While reading Lorne & Bryan’s discussion of representations and warranties I encountered the following statement:
Similarly, there should never be any objection to “representations” being made to the best of the knowledge of a party (as opposed to “to the knowledge” of a party, a phrase that is at best ambiguous and at worst contrary to what appears to be its generally accepted meaning).
That happens to be diametrically opposed to my own view. Here’s what I said in this April 2007 blog post:
But I recommend that in phrasing a knowledge qualification you not refer to the best of someone’s knowledge. It adds nothing, because to the best of Acme’s knowledge means exactly the same thing as to Acme’s knowledge.
In this context, as in the phrase best efforts, the word best constitutes rhetorical emphasis. In general conversation, my adding the best of when attesting to my knowledge of a given matter perhaps represents my way of according my assertion an extra measure of importance. This sort of rhetorical emphasis has no place in the limited and stylized prose of contracts.
Furthermore, adding the best of exacts a cost. For one thing, it adds three useless words, and unless you prune useless words whenever you see them, they soon add up. But more perniciously, using the best of could lead a reader—perhaps a judge!—to assume incorrectly that it implies some sort of heightened level of knowledge, perhaps involving a duty to investigate.
When I encounter conflicting views of this sort, I feel bad for the nonspecialist reader. You consult a treatise when you don’t have the time or inclination to master the subject in question. Necessarily you’re relying on it to be accurate, and you’re not in a position sort out what makes sense from what doesn’t, or to referee disagreements with other commentators.
The only way to improve any body of knowledge is through the marketplace of ideas. Two commentators differ on a given issue? Have them thrash it out—may the best idea win! It does no good to tiptoe around a competing idea for fear of offending anyone. That’s the spirit behind this and a number of other recent posts. I do my best to be respectful; if I fall short, let me know.
6 thoughts on “Revisiting “To the Best of Its Knowledge” (Plus Thoughts on the Marketplace of Ideas)”
I agree with Ken.
One more thought: I wonder whether “to the best of Acme’s knowledge” is in fact a subset of “Acme’s knowledge”. That is, does Acme have some knowledge out there, of a less-than-best nature (e.g. known to some but not to others), in which there lies hidden a dark secret…? If so, I would wish to avoid any references to “best of”, so as to get the full scope of the representation.
Simon: I allude to that notion in the last sentence of the extract from my April 2007 blog post. No reasonable reader could derive that meaning, but there are plenty of unreasonable readers out there, so why risk it? Ken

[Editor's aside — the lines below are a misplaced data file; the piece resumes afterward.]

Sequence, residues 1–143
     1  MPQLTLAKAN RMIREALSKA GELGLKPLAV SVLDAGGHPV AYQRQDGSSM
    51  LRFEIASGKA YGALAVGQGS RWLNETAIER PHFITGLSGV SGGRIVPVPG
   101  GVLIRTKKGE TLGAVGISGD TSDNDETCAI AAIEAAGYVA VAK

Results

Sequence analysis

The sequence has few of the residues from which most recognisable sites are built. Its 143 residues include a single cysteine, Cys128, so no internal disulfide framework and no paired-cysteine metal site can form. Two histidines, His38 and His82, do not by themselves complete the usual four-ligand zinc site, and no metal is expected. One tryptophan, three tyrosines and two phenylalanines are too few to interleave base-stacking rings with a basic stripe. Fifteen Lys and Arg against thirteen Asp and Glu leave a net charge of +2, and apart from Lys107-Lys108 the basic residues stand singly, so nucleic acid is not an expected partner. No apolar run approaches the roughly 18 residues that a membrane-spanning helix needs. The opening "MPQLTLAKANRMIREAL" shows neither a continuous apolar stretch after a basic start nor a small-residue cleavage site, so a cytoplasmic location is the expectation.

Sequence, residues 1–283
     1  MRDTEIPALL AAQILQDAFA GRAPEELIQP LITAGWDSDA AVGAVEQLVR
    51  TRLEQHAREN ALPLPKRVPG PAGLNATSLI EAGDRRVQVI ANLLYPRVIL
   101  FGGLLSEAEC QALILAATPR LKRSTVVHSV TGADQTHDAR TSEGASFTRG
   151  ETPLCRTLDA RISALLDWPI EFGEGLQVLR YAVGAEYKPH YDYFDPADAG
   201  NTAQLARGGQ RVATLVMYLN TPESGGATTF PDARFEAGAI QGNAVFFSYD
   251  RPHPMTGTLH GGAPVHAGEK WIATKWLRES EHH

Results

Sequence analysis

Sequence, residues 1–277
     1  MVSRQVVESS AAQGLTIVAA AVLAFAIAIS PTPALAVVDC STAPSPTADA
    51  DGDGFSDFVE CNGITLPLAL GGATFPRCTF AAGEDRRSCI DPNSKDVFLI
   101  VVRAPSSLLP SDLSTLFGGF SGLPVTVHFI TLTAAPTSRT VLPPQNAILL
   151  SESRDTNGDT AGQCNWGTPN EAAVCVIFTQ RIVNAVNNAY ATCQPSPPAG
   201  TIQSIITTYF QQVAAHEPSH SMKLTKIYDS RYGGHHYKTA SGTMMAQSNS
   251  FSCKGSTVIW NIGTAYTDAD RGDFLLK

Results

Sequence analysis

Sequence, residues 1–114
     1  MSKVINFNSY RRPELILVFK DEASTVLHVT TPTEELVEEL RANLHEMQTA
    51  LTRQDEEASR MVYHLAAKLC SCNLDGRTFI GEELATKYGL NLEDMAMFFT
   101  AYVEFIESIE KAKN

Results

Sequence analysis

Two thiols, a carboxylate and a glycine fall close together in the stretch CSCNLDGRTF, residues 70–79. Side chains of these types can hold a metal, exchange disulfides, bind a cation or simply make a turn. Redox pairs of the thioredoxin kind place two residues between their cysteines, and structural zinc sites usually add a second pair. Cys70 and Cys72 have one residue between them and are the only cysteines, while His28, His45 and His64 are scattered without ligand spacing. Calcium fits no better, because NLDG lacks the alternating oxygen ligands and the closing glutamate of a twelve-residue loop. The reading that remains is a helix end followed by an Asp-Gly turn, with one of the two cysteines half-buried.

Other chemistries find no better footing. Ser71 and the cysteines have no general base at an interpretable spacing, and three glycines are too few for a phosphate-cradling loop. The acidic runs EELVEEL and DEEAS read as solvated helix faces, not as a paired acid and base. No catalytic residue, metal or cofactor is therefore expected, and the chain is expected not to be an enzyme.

Ken, frankly, yes. It is noticeable that there have been very few responses to your recent posts. I think people have been put off from responding, in case they get their head bitten off.
On “best of knowledge”, I prefer your views to those of Lorne & Bryan.
Best of knowledge may well imply a duty to investigate. But (at least in England) it probably isn’t safe to assume the converse – that if you just say “to your knowledge”, there is no duty to investigate. I would use a phrase such as “as far as X is aware (but without having conducted any searches or investigations)…”
This is another area where “magic wording” is used to reflect court decisions.
On a separate point, I don’t like the ambiguity of “to X’s knowledge” as it could mean “X is promising that he has knowledge of…”
No, I haven’t checked what MSCD says on these points.
I would also like to suggest that if there is to be an open marketplace of ideas, the moderator should step back a little, and let the ideas flow. At present it feels like making submissions to a judge, who rules for or against.
I tend to agree with Mark’s line of thinking, perhaps because South African law is, to an extent, influenced by English law.
I believe that in using “to the best of X’s knowledge”, many drafters are attempting to express the notion that X has taken the best steps possible to ensure that his/her knowledge is correct. If this belief were incorrect, then using “the best of” is indeed rhetorical and possibly even meaningless.
If my belief is correct, then drafters are not achieving what they are attempting to achieve because the words “the best of” have no connection to the concept of having taken any steps (best or otherwise) to ensure the correctness of X’s knowledge. That being the case, I suggest the following:
“To X’s knowledge, X having taken all reasonable steps to ascertain the correctness thereof, …”
Depending on the party the drafter is representing, he/she might want to play around with “all reasonable”, substituting it with “reasonable” or “all”.
Adam: I agree that anyone using to the best of X’s knowledge to imply some sort of extra diligence is going about things the wrong way. Ken